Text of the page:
Why did so many Freemasons win the Victoria Cross?
New research reveals that a large number of Freemasons were awarded Britain’s highest honour. Joe Shute reports. (The Sunday Telegraph 23 April 2017)
Brigadier Willie Shackell, Grand Secretary of United Grand Lodge of England

Brigadier Willie Shackell, Grand Secretary of United Grand Lodge of England

It was 1717 when a group of men got together at the Goose and Gridiron Tavern in St Paul’s Churchyard and agreed to establish the first Grand Lodge. It was to be non-sectarian and socially egalitarian. They took as their guiding metaphor the trade of stonemasonry, hence the symbols of Freemasonry – the square, compass and apron.

The popularity of Freemasonry waxed and waned, peaking in the aftermath of the world wars. In the three years following the First World War, 350 lodges were established in England alone. Nowadays, the United Grand Lodge of England has 200,000 members, while those in Scotland and Ireland have some 150,000 – with millions more across the world.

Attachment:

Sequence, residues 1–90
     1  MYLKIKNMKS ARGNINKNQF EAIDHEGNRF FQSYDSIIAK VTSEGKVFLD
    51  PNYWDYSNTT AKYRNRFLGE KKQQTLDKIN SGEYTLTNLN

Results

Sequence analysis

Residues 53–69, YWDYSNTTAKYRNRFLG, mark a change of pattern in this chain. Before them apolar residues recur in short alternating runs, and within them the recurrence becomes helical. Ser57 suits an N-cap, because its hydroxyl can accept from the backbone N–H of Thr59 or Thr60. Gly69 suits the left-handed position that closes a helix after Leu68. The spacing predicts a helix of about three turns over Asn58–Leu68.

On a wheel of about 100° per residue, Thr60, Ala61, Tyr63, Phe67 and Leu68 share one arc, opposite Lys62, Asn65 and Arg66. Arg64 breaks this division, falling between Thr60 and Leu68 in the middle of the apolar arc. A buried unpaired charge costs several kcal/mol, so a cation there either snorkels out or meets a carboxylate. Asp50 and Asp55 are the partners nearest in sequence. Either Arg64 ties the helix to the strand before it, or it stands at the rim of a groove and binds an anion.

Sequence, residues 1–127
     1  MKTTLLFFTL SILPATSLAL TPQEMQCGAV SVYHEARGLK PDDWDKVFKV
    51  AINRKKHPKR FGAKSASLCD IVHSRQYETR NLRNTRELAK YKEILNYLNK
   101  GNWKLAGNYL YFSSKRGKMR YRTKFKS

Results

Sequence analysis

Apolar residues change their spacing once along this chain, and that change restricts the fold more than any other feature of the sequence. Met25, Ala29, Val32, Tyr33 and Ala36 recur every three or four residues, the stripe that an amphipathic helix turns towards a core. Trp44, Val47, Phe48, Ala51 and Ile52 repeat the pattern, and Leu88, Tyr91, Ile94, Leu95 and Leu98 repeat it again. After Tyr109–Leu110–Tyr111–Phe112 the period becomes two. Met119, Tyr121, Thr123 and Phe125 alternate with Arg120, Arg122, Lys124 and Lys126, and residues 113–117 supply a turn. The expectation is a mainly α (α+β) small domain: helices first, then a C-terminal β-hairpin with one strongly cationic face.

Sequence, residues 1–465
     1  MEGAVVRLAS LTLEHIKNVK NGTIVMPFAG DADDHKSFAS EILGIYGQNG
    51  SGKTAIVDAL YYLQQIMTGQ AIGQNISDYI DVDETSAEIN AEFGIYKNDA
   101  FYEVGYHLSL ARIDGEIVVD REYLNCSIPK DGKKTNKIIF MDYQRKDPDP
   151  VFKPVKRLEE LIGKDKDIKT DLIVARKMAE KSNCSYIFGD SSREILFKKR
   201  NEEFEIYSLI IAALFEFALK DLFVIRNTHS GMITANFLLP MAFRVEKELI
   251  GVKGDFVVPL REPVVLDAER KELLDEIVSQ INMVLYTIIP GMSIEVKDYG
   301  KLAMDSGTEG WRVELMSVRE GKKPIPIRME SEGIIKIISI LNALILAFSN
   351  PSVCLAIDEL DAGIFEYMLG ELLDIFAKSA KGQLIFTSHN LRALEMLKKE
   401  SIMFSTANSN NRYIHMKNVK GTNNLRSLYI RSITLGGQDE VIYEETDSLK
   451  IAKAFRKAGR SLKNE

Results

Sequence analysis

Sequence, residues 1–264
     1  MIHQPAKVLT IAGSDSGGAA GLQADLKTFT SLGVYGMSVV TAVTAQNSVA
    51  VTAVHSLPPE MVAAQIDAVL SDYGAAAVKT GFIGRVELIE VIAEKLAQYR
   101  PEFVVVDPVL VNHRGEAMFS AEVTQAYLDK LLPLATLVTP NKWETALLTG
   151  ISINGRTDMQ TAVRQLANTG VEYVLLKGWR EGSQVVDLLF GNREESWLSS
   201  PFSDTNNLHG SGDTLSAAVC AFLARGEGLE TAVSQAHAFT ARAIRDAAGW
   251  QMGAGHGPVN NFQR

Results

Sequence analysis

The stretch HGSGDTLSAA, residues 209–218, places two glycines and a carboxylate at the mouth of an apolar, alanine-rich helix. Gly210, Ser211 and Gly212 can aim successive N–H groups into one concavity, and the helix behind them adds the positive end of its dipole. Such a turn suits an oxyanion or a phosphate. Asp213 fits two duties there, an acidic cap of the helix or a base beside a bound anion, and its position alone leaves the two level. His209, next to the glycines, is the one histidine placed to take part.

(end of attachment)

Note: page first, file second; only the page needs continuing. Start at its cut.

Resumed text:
As I sit with Bri­gadier Willie Shackell, 75, the Grand Secretary, in Freemasons’ Hall, he assures me there is nothing untoward. Yes, there are handshakes (different depending on seniority), rolled-up trousers and blindfolded initiation ceremonies, but he insists what they get up to is as normal as you would find down the local Conservative Club. Men – and it is mostly men, despite two Grand Lodges for women – join for camaraderie, he says.

According to Shackell, who spent 34 years in the Army and has been a Freemason since he was 21, the new VC research displays the best elements of masonry: self-sacrifice and honour. “But there are still people who won’t publicly say they are Freemasons because they are worried about their employment. And if someone is against us, then it’s difficult to convince them otherwise.”

Shackell became involved in the VC project last June. The story that left the greatest mark on him, is that of stretcher bearer Thomas Edward Rendle, who rescued fallen comrades from a trench blasted by enemy howitzers in 1915. “He brought people back over a 24-hour period by lying on his back, putting his feet under their arms and pulling them to safety,” he says.

It is only fitting that such bravery will now never be forgotten.